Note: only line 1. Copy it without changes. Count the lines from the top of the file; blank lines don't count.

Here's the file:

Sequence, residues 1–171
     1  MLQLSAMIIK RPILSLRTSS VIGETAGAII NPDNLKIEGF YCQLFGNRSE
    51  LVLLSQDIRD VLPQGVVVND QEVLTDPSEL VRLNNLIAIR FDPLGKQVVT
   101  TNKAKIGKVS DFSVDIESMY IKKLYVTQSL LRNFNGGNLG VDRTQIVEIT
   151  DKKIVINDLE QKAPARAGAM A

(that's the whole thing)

Sequence, residues 1–171